Gold Futures Settle Modestly Higher

Gold futures settled modestly higher on Tuesday as traders reacted to data showing an acceleration in U.S. consumer price inflation, and comments from a Federal Reserve official.

Traders also followed news about the spread of the delta variant of the coronavirus, and weighed in possible fresh lockdown measures in several countries.

The dollar's strong uptick limited gold's rise. The dollar index advanced to 92.77 this afternoon, gaining about 0.55%.

Gold futures for August ended up by $4.00 or about 0.2% at $1,809.90 an ounce.

Silver futures for September ended lower by $0.099 or 0.4% at $26.140 an ounce, while Copper futures for September settled at $4.3070 per pound, down $0.0090 or 0.2% from the previous close.

A report from the Labor Department today showed consumer prices in the U.S. saw the biggest monthly increase in thirteen years in the month of June. The report said the consumer price index jumped by 0.9% in June after climbing by 0.6% in May. Economists had expected consumer prices to rise by 0.5%.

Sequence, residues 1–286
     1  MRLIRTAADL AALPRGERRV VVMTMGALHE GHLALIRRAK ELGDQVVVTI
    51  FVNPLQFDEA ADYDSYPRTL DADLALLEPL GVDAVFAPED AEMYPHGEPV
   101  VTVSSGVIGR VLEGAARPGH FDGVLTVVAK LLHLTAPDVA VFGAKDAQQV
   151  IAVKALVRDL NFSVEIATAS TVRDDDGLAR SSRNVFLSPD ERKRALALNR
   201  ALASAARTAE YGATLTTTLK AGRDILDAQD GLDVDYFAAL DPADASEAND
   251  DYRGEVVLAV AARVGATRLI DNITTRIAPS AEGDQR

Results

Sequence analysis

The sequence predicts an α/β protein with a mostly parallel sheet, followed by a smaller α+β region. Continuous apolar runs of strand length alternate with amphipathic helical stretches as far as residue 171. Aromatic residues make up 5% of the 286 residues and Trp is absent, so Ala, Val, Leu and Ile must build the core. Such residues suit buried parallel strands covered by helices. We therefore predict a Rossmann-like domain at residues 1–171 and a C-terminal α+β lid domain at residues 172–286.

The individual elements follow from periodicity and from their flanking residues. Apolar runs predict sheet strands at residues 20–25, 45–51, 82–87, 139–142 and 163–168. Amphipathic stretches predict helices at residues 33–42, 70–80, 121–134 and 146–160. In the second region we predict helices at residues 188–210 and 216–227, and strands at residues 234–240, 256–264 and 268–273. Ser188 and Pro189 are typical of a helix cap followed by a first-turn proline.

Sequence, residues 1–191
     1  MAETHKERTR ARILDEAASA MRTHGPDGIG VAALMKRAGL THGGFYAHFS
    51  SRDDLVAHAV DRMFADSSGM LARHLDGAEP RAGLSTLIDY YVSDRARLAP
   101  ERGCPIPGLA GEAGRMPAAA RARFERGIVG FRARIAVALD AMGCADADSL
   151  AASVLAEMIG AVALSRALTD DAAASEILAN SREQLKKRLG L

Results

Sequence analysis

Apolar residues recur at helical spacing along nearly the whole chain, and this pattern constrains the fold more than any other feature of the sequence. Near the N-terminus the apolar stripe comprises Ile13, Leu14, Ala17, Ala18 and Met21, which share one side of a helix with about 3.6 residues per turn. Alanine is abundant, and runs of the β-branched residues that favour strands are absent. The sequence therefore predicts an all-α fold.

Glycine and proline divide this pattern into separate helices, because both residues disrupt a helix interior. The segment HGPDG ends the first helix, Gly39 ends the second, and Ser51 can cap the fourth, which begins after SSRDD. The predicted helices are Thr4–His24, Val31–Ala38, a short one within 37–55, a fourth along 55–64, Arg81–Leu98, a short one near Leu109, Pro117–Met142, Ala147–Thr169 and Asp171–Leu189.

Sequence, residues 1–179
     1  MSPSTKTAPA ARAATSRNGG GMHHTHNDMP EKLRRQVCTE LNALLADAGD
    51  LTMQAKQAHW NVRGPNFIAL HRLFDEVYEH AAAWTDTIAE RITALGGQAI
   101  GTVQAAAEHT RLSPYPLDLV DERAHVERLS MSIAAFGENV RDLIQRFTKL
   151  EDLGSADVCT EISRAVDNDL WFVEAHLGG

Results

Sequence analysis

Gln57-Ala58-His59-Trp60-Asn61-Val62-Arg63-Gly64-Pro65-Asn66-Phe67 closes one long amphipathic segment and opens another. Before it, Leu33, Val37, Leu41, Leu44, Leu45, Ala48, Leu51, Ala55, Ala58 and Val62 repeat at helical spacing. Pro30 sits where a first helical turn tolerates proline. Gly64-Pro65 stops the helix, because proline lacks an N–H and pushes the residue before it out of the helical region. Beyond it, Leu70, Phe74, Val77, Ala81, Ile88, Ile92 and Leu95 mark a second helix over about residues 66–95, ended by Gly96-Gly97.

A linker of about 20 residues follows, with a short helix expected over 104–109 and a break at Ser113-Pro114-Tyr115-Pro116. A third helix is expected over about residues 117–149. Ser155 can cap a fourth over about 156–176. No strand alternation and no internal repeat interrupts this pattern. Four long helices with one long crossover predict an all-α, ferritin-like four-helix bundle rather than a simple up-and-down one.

Core consumer prices were up by 4.5% year-over-year in June, reflecting an acceleration from the 3.8% jump in May. Core prices saw the biggest annual increase since November of 1991.

New York Federal Reserve President John Williams said on Monday that the U.S. economy has not achieved the substantial further progress for the Fed to start tapering asset purchases.

The President of the St. Louis Fed James Bullard said in an interview to The Wall Street Journal today that the central bank should start reducing the stimulus, but added that it need start immediately.

Traders also noted San Francisco Fed President Mary Daly's comments that the strong gain in the U.S. CPI is just a temporary "pop" inflation that won't last, and the Fed should remain "steady in the boat" with its easy monetary policy stance.

Fed Chair Jerome Powell is scheduled to testify on the semi-annual monetary policy report before the House Financial Services Committee on Wednesday and the Senate Banking Committee on Thursday.

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